As it is, it would require a minimum of 6 years for a MMUF recipient to be eligible to qualify for the next fellowship in line, the Harvard-Mandela. In light of the magnitude of such a disconnect, it is impossible to see how the university’s claims of creating the ‘pool’ can be actualised in such state a of affairs. The manner in which the programs are presently structured merely render the goal of producing PhDs fortuitous at best. Neither does the current structure allow for PhDs from equity development programs to be absorbed seamlessly into the staff body.
In fact, out of the 12 completed PhDs, only 1 holds an academic position in the university. True, the university can defend itself by arguing that it has little room to shape the target group of each fellowship as this is largely defined by the funder. However, in this case the two fellowships are in fact funded by the Andrew Mellon Foundation, a US based NPO.
On this basis, I believe that the university has sufficient room to negotiate ways in which there can be a practical alignment between the two fellowships. This is because, it would be beneficial for both the funder and the university (which holds the administrative functions of the fellowships) to leverage on the two initiatives given that they are undergirded by one vision. For, if the implementation of the programs remains as is, the disconnect that exists will neither serve the funders nor the university.
Therefore, it is essential that the university find ways of ensuring that the rift between the two programs is addressed either through negotiating for more funds from the same foundation or from elsewhere. Also, if the university’s vision for adopting equity development programs is to create a pool of academics that can transform the current staff body, then it’s only logical that the university adopts measures that can facilitate the absorption of PhDs from these initiatives into academic positions.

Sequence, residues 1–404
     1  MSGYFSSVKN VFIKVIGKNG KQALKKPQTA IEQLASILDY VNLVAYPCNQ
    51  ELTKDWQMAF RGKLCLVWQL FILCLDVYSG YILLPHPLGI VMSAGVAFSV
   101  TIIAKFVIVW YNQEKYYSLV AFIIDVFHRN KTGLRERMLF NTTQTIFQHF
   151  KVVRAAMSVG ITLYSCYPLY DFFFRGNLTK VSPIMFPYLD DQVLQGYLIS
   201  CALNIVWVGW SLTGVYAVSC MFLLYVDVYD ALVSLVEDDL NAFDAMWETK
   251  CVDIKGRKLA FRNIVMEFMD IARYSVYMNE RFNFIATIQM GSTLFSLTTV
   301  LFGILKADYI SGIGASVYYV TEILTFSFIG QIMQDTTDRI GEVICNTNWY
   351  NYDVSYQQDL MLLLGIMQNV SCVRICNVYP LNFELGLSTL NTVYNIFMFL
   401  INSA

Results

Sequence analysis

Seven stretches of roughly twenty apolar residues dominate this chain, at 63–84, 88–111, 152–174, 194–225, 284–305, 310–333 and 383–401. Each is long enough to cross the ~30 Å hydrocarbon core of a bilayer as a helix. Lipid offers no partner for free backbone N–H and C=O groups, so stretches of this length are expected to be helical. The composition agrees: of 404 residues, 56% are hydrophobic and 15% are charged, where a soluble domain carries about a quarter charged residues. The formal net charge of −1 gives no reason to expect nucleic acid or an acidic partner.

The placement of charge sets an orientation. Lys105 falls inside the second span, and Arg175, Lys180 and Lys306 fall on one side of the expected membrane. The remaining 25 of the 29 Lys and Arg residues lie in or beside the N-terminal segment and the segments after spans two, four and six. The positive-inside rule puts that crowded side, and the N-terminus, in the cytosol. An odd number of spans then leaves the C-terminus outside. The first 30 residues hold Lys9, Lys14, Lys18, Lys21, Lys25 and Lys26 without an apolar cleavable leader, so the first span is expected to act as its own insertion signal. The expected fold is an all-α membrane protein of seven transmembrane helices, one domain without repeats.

In regards to the Carnegie scholarship, the only positive is that, unlike the short tenure of the MMUF fellowship, the scholarship provides support for the four years of the undergraduate experience. In this way, there is a prolonged effort to nurture the development of young female academics in the science and engineering fields. Yet the same challenges that confront a MMUF fellow at the end of their Honours studies similarly confront Carnegie scholarship recipients after completing their undergraduate degrees: there is no follow-up program except the Harvard-Mandela.
Again, one can only be eligible to qualify after a minimum of 6 years. Indeed, the same fate awaits next years’ successful 100up+ graduates as this initiative too does not have a follow up. Funded by The Foschini Group (TFG), 100up+ is a program that builds on the Vice-Chancellor’s, Schools Development Unit-run 100up initiative which attempts to ‘address the problem of under-representation by targeting school learners from disadvantaged backgrounds and coaching them towards access to the university.’
As the program was only initiated last year, its recipients are yet to graduate but there is no set follow-up initiative to enable successful undergraduate qualifications to be turned into the much needed PhDs.